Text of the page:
• I don’t need a reason for asking you to do this training. Just do it.
  • At your age it’s probably about time you found something else to do.
  • You are not fast enough nor a good enough trainer to swim in the club’s competitive group. From Monday next week you will swim in the oldies keep fit lane.

For Heidi the frustration was unbearable. She knew she was good. Bit by bit, this “coach” who knew less about the sport of swimming than she did was stealing it away from her. Just as certainly as if he surgically removed her arms and legs he was killing her dream. Swimming New Zealand won’t let me on the pool deck at their National Championships because I dare to criticise their ridiculous organization. And yet they gladly provide Sam with a pass. Swimming New Zealand want swimmers to be safe? Then do something about Sam and those others who cause real damage. Jane is 100% right. It is such a waste. And it must happen everywhere.

What could Heidi do?

Well, what she did was call West Auckland Aquatics and we just love her sort of story. Just keep telling us we are no good. Go on, make our day. Heidi lives in Auckland now and in the past seven weeks has swum 79, 73, 69, 47, 70, 70 and 65 kilometres a week. We included her in our Auckland Championship’s relay team with Rhi, Jess and Jane. They beat the North Shore Club in a provincial relay championship for the first time in about six years. This athlete that was not good enough for Sam’s competitive squad was an Auckland Open Champion. Last Wednesday in the middle of a 70 kilometre week she swam a set of 5x100s from a push start. Her fastest was 1.03 and she averaged 1.05. Best of all on Thursday she managed not one 1000 medley but 4×1000 medley without comment. Last night her set of 10×200 averaged 2.22. The 20 year old Heidi has changed.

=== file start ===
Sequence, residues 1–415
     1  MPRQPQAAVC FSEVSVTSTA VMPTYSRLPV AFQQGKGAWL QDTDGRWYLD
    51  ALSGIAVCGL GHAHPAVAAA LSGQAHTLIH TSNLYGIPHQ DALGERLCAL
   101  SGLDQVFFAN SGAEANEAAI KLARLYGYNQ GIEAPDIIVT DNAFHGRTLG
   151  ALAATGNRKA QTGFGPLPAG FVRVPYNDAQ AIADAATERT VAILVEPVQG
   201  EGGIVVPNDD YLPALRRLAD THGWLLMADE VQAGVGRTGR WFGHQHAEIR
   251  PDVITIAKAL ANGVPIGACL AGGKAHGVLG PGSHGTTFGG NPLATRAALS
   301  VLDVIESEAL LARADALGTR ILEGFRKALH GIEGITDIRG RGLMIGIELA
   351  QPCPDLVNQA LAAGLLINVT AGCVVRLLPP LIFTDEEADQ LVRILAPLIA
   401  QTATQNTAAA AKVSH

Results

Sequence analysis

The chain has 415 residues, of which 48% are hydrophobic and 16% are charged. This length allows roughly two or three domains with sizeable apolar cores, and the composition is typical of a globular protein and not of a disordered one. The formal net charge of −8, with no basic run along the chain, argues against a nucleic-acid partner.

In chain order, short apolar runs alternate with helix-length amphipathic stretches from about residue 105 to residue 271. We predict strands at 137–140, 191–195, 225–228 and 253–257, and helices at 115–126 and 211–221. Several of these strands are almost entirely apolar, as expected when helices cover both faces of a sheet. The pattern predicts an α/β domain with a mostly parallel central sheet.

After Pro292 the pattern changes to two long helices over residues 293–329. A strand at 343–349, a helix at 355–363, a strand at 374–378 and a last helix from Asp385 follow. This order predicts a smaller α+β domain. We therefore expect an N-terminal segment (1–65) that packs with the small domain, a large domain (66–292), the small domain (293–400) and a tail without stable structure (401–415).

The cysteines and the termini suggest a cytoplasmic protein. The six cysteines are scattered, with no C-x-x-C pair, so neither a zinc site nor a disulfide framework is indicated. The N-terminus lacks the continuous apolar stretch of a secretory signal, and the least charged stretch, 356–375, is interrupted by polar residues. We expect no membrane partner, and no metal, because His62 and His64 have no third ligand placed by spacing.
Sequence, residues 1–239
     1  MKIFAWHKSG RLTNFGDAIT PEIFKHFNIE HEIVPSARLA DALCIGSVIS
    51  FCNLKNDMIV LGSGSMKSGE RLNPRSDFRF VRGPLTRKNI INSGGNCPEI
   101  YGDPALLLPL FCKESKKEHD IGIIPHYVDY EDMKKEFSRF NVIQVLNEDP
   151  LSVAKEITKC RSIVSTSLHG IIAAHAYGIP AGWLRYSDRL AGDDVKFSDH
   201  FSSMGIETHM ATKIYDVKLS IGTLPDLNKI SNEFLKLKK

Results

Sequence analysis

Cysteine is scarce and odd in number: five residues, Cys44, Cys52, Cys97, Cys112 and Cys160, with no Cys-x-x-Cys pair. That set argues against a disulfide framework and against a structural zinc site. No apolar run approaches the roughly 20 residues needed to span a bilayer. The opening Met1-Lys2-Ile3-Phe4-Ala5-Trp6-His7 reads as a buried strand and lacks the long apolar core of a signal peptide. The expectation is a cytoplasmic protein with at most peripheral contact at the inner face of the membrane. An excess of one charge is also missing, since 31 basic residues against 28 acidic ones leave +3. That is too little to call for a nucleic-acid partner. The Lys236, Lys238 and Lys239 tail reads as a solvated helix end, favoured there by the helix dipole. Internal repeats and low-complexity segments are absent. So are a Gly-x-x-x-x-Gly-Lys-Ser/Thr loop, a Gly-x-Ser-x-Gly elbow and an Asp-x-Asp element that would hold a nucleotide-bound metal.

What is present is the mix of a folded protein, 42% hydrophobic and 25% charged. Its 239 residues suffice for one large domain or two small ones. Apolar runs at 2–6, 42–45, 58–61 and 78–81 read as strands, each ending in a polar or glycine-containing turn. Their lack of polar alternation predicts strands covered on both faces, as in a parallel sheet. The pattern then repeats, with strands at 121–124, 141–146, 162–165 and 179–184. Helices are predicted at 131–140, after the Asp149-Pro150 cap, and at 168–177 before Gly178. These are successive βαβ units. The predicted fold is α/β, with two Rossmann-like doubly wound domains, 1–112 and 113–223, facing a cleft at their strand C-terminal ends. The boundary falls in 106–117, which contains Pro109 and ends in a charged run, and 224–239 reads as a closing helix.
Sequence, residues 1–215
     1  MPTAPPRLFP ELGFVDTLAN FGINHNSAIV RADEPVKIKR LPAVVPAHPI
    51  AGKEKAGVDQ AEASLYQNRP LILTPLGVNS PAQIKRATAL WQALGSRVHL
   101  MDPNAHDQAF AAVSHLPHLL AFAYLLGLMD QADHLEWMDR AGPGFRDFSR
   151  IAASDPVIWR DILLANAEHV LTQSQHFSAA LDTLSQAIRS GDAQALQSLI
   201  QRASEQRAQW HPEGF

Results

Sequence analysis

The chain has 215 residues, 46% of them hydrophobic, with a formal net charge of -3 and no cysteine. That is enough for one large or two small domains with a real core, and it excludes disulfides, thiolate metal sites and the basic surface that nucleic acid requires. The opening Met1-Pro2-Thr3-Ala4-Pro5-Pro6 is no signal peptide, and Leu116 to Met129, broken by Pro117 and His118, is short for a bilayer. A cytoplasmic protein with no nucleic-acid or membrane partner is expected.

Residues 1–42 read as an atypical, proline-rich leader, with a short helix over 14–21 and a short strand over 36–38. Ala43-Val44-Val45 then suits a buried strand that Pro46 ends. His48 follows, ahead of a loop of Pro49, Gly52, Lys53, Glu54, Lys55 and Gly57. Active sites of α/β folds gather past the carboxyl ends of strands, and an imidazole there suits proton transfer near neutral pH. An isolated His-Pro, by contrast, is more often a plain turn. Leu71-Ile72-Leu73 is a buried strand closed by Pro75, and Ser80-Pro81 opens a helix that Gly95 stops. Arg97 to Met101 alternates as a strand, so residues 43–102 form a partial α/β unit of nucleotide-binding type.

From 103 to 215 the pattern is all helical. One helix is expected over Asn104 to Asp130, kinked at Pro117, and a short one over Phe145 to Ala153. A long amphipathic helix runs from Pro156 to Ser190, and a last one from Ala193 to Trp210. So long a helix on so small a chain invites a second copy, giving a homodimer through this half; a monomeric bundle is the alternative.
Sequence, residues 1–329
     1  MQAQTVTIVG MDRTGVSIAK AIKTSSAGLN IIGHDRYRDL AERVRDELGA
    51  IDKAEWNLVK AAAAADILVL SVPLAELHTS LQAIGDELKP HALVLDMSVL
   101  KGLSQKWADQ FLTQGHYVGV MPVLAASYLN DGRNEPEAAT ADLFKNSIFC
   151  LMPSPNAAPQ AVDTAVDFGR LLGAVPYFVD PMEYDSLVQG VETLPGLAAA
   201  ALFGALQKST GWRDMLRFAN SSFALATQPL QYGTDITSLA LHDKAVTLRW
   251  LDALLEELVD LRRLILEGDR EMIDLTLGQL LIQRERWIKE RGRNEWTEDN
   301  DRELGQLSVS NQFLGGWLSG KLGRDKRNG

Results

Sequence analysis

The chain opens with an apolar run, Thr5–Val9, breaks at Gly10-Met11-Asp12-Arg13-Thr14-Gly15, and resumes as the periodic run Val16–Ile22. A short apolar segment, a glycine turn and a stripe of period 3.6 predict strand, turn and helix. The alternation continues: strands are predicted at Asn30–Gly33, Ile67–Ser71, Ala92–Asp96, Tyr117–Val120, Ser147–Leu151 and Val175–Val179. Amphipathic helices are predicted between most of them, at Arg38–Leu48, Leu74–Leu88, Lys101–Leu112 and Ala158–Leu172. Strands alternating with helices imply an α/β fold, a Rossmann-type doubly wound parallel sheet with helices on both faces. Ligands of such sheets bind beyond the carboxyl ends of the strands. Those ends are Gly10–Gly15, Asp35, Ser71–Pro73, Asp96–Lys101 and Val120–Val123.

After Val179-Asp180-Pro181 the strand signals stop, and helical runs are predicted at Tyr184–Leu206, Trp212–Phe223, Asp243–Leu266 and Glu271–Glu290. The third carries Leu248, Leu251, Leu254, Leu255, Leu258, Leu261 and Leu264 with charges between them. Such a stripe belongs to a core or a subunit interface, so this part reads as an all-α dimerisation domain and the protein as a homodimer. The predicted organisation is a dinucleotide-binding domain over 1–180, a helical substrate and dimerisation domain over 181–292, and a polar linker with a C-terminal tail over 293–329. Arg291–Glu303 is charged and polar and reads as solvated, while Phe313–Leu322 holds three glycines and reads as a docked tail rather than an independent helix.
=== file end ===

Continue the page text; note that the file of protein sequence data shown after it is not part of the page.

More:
For a few months, Heidi’s career hung by a thread. Could she escape Swimming New Zealand’s disastrous guidance? Could she survive? Or was she going to be part of the 90% drop out rate that characterizes this Mike Byrne-led sport. I honestly think Swimming New Zealand don’t care. If Heidi disappears then Heidi just wasn’t up to it. The truth however is that when a Heidi disappears usually it’s because the environment Swimming New Zealand created is rotten to the core.

  • Beth Malyon

    Welcome back David. I agree with your conclusion – SNZ is rotten to the core!

    Beth.

  • Janis

    Hi David.Thought it strange that you had nothing to say in the past few weeks.I can sympathise with Heidi and have guessed who she is.I know Hawkes Bay Swimming well and I can say that management in Hawkes Bay in my experience, is definately rotten to the core.

  • Jon Winter

    Hi David – this wouldn’t be Lara? Fantastic if it is and to hear she’s doing well

  • I like hearing about people escaping the cesspit that is Hawke’s Bay swimming :)

  • David

    Jon – it is and I know she looks back on the time she spent swimming with you with great affection. It was the stuff that kept her going to end up her with our Club. Thank you for that. David

  • Sensible Swimming

    David – I have just looked at the results from the meet held in Auckland this weekend, the Anthony Mosse Classic which you obviously attended with your team. I notice that your young lady “Heidi’ improved her times every time that she swum over the weekend. Obviously something is working well for her now. Congratulations to you both. It also looks to me that the rest of your ‘rag tag bunch’ did pretty well. Am I right in thinking Rhi Jeffrey achieved her USA Olympic Trials qualifying times? Well done if that is the case.

  • David

    Sensible Swimming – Thank you. Yes Heidi did real well. I think she has the makings of a good one. She is off to the NSW Champs next week and hopefully will continue to improve. Rhi did get two further US Olympic Trials cuts. Thats four in total. She is a class act. It amazes me how often great athletes make their coach look good.